A growing number of economic indicators have suggested that the Reserve Bank of Australia’s (RBA) historically low cash rate of 1.5 percent would not go down any lower.
Peter Arnold, data insights director at RateCity.com.au said banks were beginning to hike their home loan rates with close to two-thirds of lenders increasing rates on fixed loans and a smaller number lifting variable rates.
“Previously, banks were betting on lower rates in the future but we saw those expectations change daily during the past quarter,” Arnold said.
“The ‘Under 4 Club’ for fixed rates contracted by 15 per cent over the quarter; that’s around 100 less sub-4 per cent fixed rates on offer now compared to three months ago.
“Consumers quickly responded and appetite shifted towards fixed rates.
“We saw interest through RateCity for fixing rise by close to 30 percent towards the end of the year,” Arnold said in a report released on Thursday.
Meanwhile, warnings have come from leading international forecasters, which said the hikes were needed to “unwind tensions from the low-interest environment, notably in the housing markets.”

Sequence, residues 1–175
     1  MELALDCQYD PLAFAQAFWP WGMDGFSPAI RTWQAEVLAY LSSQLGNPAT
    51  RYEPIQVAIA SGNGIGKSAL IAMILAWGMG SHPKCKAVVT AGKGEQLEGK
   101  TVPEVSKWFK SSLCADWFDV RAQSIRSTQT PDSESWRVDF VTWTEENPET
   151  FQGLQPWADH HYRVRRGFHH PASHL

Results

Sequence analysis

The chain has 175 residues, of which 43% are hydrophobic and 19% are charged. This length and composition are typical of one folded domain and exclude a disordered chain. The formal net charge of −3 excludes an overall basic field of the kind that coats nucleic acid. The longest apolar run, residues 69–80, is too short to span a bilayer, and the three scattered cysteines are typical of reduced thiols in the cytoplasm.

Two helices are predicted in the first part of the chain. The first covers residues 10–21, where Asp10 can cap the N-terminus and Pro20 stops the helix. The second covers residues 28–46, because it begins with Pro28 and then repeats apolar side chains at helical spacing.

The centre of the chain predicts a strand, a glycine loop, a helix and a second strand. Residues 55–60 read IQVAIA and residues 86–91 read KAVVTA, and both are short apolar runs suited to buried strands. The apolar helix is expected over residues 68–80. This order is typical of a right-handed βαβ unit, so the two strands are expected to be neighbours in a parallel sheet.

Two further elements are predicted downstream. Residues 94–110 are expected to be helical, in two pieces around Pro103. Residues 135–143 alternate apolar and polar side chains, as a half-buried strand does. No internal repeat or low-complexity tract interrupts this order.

“There were two upsets in the domestic housing market; new house sales dropped to their lowest level in two years, and support grew to review negative gearing tax rules,” he said.
Looking abroad, the Federal Reserve lifted US rates in December, and while the move eased pressure on the RBA to lift the cash rate when it meets in February, the outlook for higher rates in 2017 remains.
“Looking ahead to 2017, consumers should expect more rate rises and an even tougher time finding a good rate on their savings.
“While there are still plenty of home loan rates under 4 percent, those deals are less prevalent now.
“It’s unlikely that we’ll see rates return to the long-term average of around 7 percent just yet, but competition at the low-rate end of the market is slowing,” he said.